Issue: The issue in this case is related with the impact of exclusion clause mentioned on the sign placed at the gate of EnviroPro Pty Ltd, which excludes the liability of the company for any damages.
Rule: Apart from the general rules of business law, in the present case, sale of goods Act (Vic) also applies. It makes the remission that the provisions of this legislation apply only in case of the contracts related with the sale of goods. This Act provides that a difference exists between consumer and on consumer transactions (Carpet Call Pty Ltd v Chan, 1987). The Act also provides that the terms that can be implied under Trade Practices Act also apply in case of consumer contracts concluded in Victoria.
The law defines a consumer contact as a contract related with the sale of goods for less than $20,000 or when it deals with the goods that are generally acquired over domestic purposes and when these goods are not going to be used for sale or inputs in the process of manufacture (Crawford v Mayne Nickless Ltd., 1992). Therefore, as mentioned above, there are certain conditions that can be implied in case of these contracts. One of the implied conditions. In such cases is the condition according to which the goods should match the description, when the goods have been sold by description. Terms can be implied in case of a contract dealing with the sale of goods expressly or impliedly when the purpose behind the purchase of goods, has been revealed by the purchaser to the seller (Jillawarra Grazing Co v John Shearer Ltd., 1984). Similarly, the implied conditions are also applicable when the circumstances are of the nature that it can be assumed that the seller should have been aware of the fact that the buyer is relying on skill of the seller to make the purchase. According to section 20 of this legislation, and implied condition is present, which requires that the goods should be fit for purpose under the above-mentioned circumstances.
Application: in the present case, a large sign has been placed at the entrance of Enviro Pty Ltd. This sign mentions an exclusion clause according to which the company will not be liable for any damages suffered by the consumers except to replace the goods, that too in cases where the goods were shown as being faulty at the time of sale. In the present case, when Charlie went to purchase equably, he had toured the salesperson of Enviro Pty Ltd that he was going to use the product for reclaiming marketing water. The salesperson also gave an assurance that you are that the water will be fit for this purpose. On the other hand, in reality, the water produced by this product was not fit for drinking purposes. Therefore, when Charlie consumed this water for some time, he became ill. As a result, he was forced to miss work, and he also started to suffer from irritable bowl syndrome. As a result is quality of life was also affected adversely. Under these circumstances, it is clear in this case that Enviro Pty Ltd. had breached the terms of the contract, particularly the requirement according to which the goods should be fit for purpose.
Rule: The Australian Consumer Law is a part of Competition and Consumer Act, 2010. This legislation has imposed an obligation on the manufactures according to which they should take the consumers fairly. In case of a breach of the statutory guarantees provided by the ACL, the law provides that such manufacturer owes a liability for the strict liability offense (Haros v Linfox Australia Pty Ltd., 2012). The strict liability that has been imposed on the manufacturers by the ACL provides that a particular manufacturer can be held liable for breach even if there is no negligence of the manufacturer (Keays v J P Morgan Administrative Services Australia Ltd., 2011). The statutory guarantees mentioned in the ACL, and the body of strict liability offense so that it can be ensured that the manufacturers should fulfill the expectations of consumers.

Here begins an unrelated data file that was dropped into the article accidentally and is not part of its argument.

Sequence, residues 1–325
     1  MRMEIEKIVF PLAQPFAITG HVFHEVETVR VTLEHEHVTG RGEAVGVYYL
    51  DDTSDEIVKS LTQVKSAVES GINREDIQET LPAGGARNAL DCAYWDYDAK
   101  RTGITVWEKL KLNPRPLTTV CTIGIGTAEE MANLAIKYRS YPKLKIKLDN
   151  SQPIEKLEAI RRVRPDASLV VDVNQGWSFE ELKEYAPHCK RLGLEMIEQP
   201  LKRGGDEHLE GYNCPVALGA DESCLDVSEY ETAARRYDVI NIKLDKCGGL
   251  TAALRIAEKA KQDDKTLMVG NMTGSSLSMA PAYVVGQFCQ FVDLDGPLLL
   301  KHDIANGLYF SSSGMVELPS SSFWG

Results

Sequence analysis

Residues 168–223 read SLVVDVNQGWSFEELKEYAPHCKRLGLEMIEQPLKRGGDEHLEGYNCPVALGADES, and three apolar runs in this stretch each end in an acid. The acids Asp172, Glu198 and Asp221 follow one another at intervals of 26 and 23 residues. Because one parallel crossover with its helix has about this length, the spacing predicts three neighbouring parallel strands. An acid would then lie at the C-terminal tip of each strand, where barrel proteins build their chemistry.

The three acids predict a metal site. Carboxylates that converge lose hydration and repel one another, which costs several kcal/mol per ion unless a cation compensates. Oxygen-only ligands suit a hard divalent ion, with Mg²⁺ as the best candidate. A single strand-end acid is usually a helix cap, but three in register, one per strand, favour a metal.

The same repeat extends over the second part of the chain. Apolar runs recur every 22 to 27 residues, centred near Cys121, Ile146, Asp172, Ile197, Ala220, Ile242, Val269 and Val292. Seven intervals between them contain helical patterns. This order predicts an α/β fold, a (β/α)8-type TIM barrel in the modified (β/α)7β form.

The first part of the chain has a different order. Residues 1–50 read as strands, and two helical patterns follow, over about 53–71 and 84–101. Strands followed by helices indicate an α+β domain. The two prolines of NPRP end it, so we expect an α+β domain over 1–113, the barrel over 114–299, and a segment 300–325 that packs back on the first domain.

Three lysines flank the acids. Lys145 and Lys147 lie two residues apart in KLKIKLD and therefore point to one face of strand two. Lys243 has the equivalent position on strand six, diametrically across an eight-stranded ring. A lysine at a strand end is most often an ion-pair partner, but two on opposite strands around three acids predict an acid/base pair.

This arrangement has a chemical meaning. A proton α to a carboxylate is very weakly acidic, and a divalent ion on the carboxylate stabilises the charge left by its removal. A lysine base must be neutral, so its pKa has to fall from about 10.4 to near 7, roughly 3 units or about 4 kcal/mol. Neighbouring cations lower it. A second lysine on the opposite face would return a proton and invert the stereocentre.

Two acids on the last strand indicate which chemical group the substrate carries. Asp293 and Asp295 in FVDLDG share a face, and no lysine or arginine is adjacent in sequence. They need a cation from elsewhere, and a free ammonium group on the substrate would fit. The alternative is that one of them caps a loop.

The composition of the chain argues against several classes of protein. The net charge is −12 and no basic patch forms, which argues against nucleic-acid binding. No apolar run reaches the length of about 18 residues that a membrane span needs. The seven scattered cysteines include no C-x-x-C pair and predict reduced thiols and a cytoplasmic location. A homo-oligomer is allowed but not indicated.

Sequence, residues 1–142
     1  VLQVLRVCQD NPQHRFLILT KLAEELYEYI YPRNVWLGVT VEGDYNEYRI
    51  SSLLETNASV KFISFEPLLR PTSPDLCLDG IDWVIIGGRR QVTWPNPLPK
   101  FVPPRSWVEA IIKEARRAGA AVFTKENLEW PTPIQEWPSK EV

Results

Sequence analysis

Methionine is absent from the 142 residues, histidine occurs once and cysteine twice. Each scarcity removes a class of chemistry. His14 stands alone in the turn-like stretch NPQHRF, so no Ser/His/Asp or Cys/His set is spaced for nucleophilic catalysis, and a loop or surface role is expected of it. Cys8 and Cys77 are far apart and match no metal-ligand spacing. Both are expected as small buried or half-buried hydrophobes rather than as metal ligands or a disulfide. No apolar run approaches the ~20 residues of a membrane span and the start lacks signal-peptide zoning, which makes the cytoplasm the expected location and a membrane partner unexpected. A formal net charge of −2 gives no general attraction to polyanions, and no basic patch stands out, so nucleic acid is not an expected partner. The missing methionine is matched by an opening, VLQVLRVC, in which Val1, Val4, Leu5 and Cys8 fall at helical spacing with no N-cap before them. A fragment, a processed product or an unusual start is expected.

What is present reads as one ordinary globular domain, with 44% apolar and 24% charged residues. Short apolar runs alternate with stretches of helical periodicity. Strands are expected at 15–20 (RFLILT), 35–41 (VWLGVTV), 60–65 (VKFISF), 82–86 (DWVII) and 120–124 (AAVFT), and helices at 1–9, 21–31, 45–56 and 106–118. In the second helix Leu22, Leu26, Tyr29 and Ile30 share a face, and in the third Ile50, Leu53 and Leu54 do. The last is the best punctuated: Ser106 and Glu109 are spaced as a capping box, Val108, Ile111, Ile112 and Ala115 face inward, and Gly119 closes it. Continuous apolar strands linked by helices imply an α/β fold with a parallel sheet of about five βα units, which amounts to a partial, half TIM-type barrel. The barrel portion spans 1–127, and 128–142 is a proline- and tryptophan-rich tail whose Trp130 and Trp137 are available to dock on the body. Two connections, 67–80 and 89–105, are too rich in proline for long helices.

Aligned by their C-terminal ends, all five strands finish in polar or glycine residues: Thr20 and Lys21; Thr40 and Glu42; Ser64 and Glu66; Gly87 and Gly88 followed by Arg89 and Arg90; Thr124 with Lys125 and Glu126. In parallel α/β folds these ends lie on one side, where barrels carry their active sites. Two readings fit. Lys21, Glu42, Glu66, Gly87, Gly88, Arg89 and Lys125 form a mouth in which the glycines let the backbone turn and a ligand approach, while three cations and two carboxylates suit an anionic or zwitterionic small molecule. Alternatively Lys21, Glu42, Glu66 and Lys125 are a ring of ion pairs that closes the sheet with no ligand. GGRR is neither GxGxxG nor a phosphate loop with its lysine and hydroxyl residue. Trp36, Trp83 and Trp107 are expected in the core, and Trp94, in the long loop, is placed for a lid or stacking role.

The strict liability provisions mentioned in the ACL are applicable in case of the manufactures were supplying goods in trade or commerce. The ACL provides that in such cases, a company can be considered as the manufacture of goods if it has imported goods or resemble the goods or the brand name of the company has been used to be promoted as the manufacturer. In the same way, the law provides that it can be said that the goods contain a safety defect if it is found that the level of safety is not the same that can be generally expected from such goods. Although the level of safety may vary in each case, however, the ultimate decision has to be made by the court to see if a safety defect is present or not.
Application: by applying the legal rules mentioned above, it has been provided by the strict liability provisions of the ACL that these provisions maybe breached even if the manufacturer was not negligent. Interview of disposition of law, in the present case also, Clean Aqua Pty Ltd. can be held liable for breach of strict liability provisions.
In this case, Charlie wanted a product that can be used for producing drinking water. But the reality was that Clean Aqua produced the water that could be used for gardening or swimming pools etc. The water was not fit for human consumption. On these grounds, it can be held that Clean Aqua is liable for the breach of a statutory guarantee mentioned in the ACL.
Conclusion: Charlie can bring a case against Clean Aqua Pty Ltd for the violation of strict liability provisions that are imposed by the Australian Consumer Law on the manufacturers.
Carpet Call Pty Ltd v Chan (1987) ASC 55-553
Crawford v Mayne Nickless Ltd (1992) ASC Business-law.
Jillawarra Grazing Co v John Shearer Ltd (1984) ASC 55-307
Haros v Linfox Australia Pty Ltd (2012) 287 ALR 507
Keays v J P Morgan Administrative Services Australia Limited  FCA 358